Review, "Oral Law, Oral Magic: Some Observations on Talmudic Magic"
by L. Mock, in Zutot 5:1, 2008.

This article was interesting to me in that it pointed out some passages in the Talmud dealing with magic of which I had previously been unaware. Despite this interest, I found the basic premise of this article flawed.

The central thesis of the paper is that "nearly all Talmudic magic has an oral performance." The writer discusses the Talmudic narrative regarding amulets and states that "From the Talmudic discussion on the Mishnah it is clear that it refers to a written amulet: 'Our Rabbis taught: What is an expert amulet? One that has healed [once], a second time and a third time; whether it is an amulet in writing or an amulet of roots...'." The problem with this statement should be obvious to anyone reading it. The passage clearly leaves open that the amulet could either be of writing or of roots, so I am at a loss in understanding how the writer arrived at the statement: "it is clear that it refers to a written amulet". Clearly, it could be a written amulet, but the passage leaves open that it could also be roots. The idea that it could also be roots does not, of course, support the author's argument that "nearly all Talmudic magic has an oral performance." In other words, the author shows his central thesis to be flawed as soon as he begins to discuss what is actually written in the Talmud.

When analyzing and attempting to draw conclusions from a document, it is important to understand and keep in mind the nature and intent of the document. In the case of the Talmud, it should be remembered that the Talmud is a legal document. It is concerned with the Oral Law. It is not a medical treatise even though it regularly discusses medical issues and cures, and should not, therefore, be expected to spend equal effort on each of the medical practices of the time. Roots are not, as far as I can remember, proscribed by the Torah. Because of this, the legality of their use is not a very complicated situation. Written amulets and spoken spells generally call upon names of powers, and are therefore a much more complicated situation legally. There are two major issues at play with amulets. The first issue is the question of idolatry and paganism, if the amulet calls upon powers other than the Lord and his angels, and sometimes even the calling on of angels is called into legal question. The second issue is the proper use and treatment of divine names and biblical passages. These questions make amulets and spells worthy of legal discussion, and therefore, discussion in the Talmud. The author touches on these issues in the article, such as the question of bringing biblical passages on amulets into the toilet. One does not have the same issue with roots. There is no reason not to bring them into the toilet. When this is understood, one does not need to come to the conclusion of the author that: "The fact that the Talmudic discussion elaborates mainly on aspects that are relevant to written amulets, suggests that for the Rabbis of the Talmud - and not necessarily for those of the Mishnah - the average amulet was a written one."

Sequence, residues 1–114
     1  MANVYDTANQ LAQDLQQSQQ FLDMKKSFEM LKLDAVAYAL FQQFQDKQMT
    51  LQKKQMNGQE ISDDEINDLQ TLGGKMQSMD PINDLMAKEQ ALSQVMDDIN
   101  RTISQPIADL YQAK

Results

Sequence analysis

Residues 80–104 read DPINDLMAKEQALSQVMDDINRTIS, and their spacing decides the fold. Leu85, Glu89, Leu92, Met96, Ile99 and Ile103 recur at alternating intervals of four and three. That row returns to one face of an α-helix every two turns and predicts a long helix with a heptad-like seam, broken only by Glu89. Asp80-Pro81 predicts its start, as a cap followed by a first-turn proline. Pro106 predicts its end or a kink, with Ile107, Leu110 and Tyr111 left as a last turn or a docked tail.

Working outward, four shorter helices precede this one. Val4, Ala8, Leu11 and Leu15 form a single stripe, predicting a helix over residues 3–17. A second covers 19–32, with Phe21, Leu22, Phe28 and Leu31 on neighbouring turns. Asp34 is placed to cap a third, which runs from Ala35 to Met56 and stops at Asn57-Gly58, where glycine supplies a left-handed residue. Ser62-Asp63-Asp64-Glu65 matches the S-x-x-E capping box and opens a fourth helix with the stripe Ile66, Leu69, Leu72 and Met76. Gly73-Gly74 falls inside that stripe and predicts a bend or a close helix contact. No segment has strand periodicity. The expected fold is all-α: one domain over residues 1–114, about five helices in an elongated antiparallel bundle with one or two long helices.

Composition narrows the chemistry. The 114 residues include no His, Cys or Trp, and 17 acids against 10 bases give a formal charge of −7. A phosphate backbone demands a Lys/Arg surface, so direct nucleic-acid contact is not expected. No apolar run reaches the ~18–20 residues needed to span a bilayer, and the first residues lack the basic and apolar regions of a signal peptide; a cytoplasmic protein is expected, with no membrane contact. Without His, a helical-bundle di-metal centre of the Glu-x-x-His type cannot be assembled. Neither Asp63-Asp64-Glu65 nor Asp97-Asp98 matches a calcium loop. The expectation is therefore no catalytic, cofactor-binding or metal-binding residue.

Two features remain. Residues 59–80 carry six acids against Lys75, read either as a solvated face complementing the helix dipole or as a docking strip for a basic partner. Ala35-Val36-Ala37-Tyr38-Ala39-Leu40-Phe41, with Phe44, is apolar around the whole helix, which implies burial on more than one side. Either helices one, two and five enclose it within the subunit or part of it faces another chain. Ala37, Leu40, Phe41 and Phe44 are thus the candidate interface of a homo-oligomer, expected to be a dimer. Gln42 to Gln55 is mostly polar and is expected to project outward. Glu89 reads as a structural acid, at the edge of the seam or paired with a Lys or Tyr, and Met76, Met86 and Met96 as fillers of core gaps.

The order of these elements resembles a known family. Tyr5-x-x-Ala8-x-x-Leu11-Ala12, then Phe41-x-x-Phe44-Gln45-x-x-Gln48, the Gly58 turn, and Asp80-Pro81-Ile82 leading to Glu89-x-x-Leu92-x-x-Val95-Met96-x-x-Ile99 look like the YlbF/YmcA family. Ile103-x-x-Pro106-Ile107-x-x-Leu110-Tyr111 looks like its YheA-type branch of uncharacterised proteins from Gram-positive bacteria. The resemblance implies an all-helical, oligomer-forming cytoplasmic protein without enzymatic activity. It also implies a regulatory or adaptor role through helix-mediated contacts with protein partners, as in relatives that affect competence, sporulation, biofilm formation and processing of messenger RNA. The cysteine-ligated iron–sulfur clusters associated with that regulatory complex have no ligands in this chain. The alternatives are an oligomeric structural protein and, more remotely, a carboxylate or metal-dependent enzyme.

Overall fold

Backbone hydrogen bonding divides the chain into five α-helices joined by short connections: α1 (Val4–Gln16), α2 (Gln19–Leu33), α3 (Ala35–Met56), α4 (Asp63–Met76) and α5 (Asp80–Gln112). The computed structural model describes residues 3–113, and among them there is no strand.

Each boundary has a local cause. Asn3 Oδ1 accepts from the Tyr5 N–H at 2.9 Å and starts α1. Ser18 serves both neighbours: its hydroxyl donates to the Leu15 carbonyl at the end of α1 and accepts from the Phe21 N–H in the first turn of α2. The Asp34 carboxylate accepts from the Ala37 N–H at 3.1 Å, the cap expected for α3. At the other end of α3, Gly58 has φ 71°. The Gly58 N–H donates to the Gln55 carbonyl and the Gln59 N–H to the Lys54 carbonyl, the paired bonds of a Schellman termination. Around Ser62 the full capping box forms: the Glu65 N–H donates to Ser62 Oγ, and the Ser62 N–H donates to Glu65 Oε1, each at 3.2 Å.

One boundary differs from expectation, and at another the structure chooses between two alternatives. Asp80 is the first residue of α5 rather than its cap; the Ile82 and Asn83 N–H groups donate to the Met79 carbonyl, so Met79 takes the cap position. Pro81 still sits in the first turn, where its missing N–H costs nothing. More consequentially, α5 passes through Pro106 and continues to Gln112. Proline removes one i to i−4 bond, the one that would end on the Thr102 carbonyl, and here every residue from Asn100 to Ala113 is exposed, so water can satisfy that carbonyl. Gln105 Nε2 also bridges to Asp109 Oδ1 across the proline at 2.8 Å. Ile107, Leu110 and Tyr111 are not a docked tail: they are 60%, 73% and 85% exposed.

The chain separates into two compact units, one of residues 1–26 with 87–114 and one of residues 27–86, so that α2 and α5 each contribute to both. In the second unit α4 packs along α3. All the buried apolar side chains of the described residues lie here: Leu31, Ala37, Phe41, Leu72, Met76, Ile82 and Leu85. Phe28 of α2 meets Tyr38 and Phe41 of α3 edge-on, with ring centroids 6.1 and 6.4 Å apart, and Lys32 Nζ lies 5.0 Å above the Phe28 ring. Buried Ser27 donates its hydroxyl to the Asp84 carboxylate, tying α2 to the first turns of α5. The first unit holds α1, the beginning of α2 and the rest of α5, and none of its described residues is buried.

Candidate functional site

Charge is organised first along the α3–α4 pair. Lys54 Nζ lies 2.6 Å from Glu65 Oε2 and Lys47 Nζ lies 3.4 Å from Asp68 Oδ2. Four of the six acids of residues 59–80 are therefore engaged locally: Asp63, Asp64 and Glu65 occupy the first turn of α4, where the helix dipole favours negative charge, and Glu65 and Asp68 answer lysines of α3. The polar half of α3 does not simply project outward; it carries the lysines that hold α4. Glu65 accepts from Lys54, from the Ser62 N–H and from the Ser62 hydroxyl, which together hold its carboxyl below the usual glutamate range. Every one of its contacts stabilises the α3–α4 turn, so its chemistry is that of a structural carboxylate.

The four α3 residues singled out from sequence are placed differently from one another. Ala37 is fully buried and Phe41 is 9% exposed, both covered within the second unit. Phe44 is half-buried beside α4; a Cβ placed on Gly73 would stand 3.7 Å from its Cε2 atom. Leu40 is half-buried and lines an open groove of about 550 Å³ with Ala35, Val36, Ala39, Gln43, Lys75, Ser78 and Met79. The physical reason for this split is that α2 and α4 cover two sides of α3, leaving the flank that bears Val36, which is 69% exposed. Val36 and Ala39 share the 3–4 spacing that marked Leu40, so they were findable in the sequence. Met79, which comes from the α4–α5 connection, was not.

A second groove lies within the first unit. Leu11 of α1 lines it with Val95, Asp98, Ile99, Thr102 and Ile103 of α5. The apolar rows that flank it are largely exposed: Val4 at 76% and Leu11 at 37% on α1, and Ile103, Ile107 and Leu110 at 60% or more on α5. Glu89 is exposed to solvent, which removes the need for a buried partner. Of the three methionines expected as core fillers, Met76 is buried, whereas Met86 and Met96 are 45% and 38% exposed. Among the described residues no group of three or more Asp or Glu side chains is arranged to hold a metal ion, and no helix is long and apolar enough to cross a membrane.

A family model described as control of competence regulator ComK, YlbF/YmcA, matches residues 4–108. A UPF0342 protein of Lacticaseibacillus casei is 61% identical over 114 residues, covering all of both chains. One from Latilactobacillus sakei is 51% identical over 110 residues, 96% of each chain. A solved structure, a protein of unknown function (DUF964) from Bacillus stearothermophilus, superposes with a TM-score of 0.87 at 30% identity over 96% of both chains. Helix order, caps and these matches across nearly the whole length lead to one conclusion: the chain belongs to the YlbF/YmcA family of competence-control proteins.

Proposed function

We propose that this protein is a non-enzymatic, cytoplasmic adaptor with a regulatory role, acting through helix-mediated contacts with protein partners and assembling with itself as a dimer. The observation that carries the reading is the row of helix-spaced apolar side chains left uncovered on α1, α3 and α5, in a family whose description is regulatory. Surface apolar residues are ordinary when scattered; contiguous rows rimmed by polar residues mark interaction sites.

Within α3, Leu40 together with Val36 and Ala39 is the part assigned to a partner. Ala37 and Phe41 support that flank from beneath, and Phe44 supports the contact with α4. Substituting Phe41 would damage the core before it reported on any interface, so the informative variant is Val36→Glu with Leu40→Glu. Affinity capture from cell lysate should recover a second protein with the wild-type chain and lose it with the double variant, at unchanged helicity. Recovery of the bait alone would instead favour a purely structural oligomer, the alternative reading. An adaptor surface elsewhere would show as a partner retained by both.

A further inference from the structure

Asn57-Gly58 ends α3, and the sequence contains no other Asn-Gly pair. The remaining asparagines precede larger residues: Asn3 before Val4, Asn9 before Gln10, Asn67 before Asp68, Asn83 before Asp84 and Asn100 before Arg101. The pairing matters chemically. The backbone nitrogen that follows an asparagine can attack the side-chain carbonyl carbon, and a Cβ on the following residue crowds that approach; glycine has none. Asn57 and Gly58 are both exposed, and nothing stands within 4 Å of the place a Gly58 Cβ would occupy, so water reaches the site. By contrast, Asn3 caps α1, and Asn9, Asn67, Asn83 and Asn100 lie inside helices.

The author then goes on to mention the widespread use of written amulets in other culture and the large body of Jewish written amulets surviving from antiquity. What he does not seem to consider is that metal and clay amulets are much more likely to survive the elements over a thousand or more years than a root. Even if a dried root did survive the test of time, the archaeologist who might have dug it up would have little to suggest that it was an artifact of magical use. Considering how many incantation bowls were found by non-archaeologists, who recognized them as valuable enough to sell, we can imagine that any surviving roots dug up would have been discarded as rubbish. We cannot, therefore, use the survival of such amulets as evidence that they may have been more common than amulets of roots.

Once these central points are shown to not be built on any solid foundation, the succeeding points in this short article fall flat as a result. What we are left with is a few pages pointing out a few of the more interesting magical passages in the Talmud.

- B.R. Gendler